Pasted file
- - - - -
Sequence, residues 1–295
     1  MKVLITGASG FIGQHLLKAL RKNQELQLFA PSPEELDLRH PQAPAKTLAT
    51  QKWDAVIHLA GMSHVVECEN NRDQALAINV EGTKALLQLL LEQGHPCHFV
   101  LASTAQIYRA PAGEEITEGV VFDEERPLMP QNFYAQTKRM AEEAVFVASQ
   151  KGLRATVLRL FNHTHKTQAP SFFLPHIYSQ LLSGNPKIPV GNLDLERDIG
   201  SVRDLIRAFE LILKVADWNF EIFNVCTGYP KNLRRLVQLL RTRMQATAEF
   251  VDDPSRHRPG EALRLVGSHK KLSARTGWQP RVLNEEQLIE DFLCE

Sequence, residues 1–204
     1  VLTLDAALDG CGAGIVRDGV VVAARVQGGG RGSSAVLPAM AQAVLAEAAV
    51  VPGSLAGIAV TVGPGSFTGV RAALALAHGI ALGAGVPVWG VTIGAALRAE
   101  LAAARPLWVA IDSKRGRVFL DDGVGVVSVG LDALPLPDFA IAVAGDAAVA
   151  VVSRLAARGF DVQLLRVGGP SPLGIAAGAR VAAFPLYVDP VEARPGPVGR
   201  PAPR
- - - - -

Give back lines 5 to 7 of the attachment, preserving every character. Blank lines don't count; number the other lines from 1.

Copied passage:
   151  KGLRATVLRL FNHTHKTQAP SFFLPHIYSQ LLSGNPKIPV GNLDLERDIG
   201  SVRDLIRAFE LILKVADWNF EIFNVCTGYP KNLRRLVQLL RTRMQATAEF
   251  VDDPSRHRPG EALRLVGSHK KLSARTGWQP RVLNEEQLIE DFLCE